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September, 2014 - Issue #119
Courtesy of Shutterstock
Courtesy of Shutterstock
The Link Between Purpose, Motivation & Growth
by Marlon Saunders

Growing in God's Word becomes an impossible and often frustrating task when there is no motivation attached. Motivation becomes impossible and frustrating when there is no purpose attached. Purpose feeds motivation and motivation feeds growth.

So, before I can experience growth I must first discover purpose. I have grown tremendously in the area of eating healthy foods because I discovered the purpose that healthy foods play in my life on a daily basis. When I discovered that eating healthy foods played a significant role in my physical energy and strength, as well as my emotional and psychological stability, I quickly discovered purpose that transitioned me into a motivation that produced incredible growth.

The same is true with the Word of God. I must first discover the purpose of God's Word in my daily life. What purpose does God's Word serve in the health of my physical, emotional, psychological and spiritual wellbeing? Are any of these areas enhanced when
I connect them to God's Word? Here's the quick answer - yes! If
I strive to be the best me that I can be and I understand that one of the main purposes of God's Word is to help me do that, there is a motivation that begins to arise in me. Ultimately this motivation produces growth because it forces me to consistently dive into God's Word in search of the application connected to the purpose.

I invite you to join us every Wednesday at 7pm and every Sunday at 9am or 11am as we connect purpose, motivation and growth in all of us.

Marlon Saunders is the senior pastor of Valencia Christian Center.
www.valenciachristiancenter.org


Dealing with Doubt by Josh Komo
Back to school can be a stressful time for students of all ages. Elementary children are wondering how God could put them in a class where they have no friends. Junior high kids are wondering how God could have made them so big or skinny, or why God would allow them to have acne. High school students might be wondering why God did not bless them with the gift of being smarter than some of their peers, or why God didn't gift them athletically like other girls or boys, or why God is not allowing them to get accepted into a certain college or university.

The doubts just never end! Although we may be uncomfortable with it, doubt can be a powerful tool for believers and especially for parents who have kids that are wrestling with doubt.

Just ask Job and his buddies.

Job had lost his family, health and wealth but through the process displays a life that is worthy of observing and mimicking. Job had his doubts, but God could handle them. In fact, he commends Job for expressing them and condemns Job's friends for not: "After the Lord had spoken these words to Job, he said to Eliphaz from Teman, 'I'm angry at you and your two friends because you haven't spoken about me correctly as did my servant Job.'"
(Job 42:7).

Let's face it, there is a lot that we don't know, but this doesn't have to be a bad thing. Your kids may doubt God, but the important thing is

that it is God who they doubt, because there is a lot that we don't know about God, too. Doubt, in and of itself, is not a bad thing; it is when that doubt builds up and isn't expressed that it begins to become destructive. This is why God commends Job's admission in the midst of his doubt: "I know you can do anything; no plan of yours can be opposed successfully" (Job 42:2).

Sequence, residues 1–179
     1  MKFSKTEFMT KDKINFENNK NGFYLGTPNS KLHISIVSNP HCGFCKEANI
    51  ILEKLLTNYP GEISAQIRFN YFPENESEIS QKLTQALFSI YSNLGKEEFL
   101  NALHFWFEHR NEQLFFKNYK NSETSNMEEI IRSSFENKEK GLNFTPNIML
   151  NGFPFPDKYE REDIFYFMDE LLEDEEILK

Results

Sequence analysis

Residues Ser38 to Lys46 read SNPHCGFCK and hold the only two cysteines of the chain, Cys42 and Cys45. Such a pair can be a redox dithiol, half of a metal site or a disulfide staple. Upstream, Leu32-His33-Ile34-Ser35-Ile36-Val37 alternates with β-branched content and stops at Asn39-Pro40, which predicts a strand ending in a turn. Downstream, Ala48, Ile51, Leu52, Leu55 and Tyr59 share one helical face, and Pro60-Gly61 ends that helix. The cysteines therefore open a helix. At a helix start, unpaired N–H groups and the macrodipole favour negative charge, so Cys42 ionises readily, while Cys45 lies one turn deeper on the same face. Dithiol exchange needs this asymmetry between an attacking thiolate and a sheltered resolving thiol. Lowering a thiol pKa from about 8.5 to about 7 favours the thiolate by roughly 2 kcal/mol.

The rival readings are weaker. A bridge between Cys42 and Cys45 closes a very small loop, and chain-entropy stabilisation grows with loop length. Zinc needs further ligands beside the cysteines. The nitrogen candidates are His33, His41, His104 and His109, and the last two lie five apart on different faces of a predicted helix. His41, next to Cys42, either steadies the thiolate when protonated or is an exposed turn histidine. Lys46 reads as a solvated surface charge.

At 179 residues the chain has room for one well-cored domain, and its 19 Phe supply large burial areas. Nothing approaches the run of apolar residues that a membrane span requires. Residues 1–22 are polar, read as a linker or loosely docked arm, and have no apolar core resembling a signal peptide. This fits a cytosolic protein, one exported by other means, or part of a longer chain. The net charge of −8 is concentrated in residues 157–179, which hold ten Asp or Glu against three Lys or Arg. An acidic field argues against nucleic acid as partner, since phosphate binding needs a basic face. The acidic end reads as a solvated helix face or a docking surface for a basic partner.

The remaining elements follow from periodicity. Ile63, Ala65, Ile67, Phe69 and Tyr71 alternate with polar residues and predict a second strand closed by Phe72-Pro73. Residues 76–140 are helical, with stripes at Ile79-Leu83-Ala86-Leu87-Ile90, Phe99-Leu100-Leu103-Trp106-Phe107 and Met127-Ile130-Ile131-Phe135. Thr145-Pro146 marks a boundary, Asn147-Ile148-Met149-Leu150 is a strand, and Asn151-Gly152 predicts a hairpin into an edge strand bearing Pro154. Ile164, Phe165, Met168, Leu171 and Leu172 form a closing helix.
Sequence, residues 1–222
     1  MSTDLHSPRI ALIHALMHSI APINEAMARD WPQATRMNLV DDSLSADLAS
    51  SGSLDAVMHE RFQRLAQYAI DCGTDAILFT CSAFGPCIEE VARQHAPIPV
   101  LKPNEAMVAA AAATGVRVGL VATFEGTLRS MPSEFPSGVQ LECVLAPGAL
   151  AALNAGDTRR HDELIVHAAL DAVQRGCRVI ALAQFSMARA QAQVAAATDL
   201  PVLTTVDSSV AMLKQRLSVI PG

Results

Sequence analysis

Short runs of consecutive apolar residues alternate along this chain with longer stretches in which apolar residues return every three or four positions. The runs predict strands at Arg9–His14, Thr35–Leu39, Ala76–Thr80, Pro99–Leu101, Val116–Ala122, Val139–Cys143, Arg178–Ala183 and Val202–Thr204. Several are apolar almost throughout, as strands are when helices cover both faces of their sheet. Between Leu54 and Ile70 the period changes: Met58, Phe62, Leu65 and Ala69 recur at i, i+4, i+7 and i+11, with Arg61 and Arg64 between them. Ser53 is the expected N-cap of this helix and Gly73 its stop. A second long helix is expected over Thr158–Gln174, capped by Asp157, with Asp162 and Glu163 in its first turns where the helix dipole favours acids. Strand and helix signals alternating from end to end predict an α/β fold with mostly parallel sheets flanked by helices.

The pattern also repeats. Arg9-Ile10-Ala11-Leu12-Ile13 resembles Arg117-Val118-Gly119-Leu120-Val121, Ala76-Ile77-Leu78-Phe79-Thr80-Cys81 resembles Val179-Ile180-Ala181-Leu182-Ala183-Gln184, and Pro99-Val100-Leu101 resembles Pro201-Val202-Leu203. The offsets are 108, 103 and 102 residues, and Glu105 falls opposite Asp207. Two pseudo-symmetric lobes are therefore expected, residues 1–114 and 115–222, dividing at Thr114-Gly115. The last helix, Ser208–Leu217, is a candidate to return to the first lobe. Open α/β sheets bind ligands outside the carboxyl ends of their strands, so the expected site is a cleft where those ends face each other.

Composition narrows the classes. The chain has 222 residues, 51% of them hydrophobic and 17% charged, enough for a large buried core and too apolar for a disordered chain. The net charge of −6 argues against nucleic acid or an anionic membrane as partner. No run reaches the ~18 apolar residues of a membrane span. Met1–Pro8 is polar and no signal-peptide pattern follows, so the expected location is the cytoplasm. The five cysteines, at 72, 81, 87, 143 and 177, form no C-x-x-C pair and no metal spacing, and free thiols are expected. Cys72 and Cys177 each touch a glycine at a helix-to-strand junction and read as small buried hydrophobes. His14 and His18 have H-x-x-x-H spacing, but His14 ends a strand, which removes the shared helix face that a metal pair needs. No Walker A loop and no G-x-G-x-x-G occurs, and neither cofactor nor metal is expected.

As your kids are struggling with these sorts of tough questions and doubts in their life, they may not be looking for an answer to them, but they may be looking for someone who can handle them. You can be that person in their life who points to a God that can handle these questions, too.

Josh Komo is the research and resource pastor for Real Life Church.
Log on for service times and locations. www.reallifechurch.org


Meet VUMC Pastor
Debbie Sperry

When I tell people I'm a United Methodist, they often ask, "What's special about Methodists? How are they different?"

We trust the Bible as the Word of God and that Jesus is the Son of God, our Lord and Savior. We believe we are saved by grace through faith, not works. We share a common history of faith with thousands of other Christians. Nevertheless, there are things that do distinguish us. I love being a Methodist because of those particulars.

First, Methodists have a strong and deep commitment to justice. We believe we must act as God's hands and feet to make the world more of what God wants it to be.

Second, we approach Scripture by exploring the culture and circumstances of when those events happened. We ask the hard questions and often wrestle with the mystery of God.

Finally, our view of the faith journey is understood in terms of grace (God's free gift to us.). God has a hold on each person before they even recognize or seek after God. God wants a relationship with each person and so God calls us away from sin and apathy and into relationships with Him and others. Once we choose a relationship with God, we aren't done. God wants to shape and refine us to become more like Christ. In other words, we are never "done" growing as Christians.

I'm grateful to be sharing in ministry at Valencia UMC, as they are committed to these Methodist values. We are #hereforgood, seeking to make a positive difference in our community and around the world. We are committed to providing opportunities to grow in faith and relationship with God.

I'm excited to work and worship at a place where everyone is welcome. We would love to welcome you. We are here for you and #hereforgood.

Debbie Sperry is the lead pastor at
Valencia United Methodist Church. www.umcv.org
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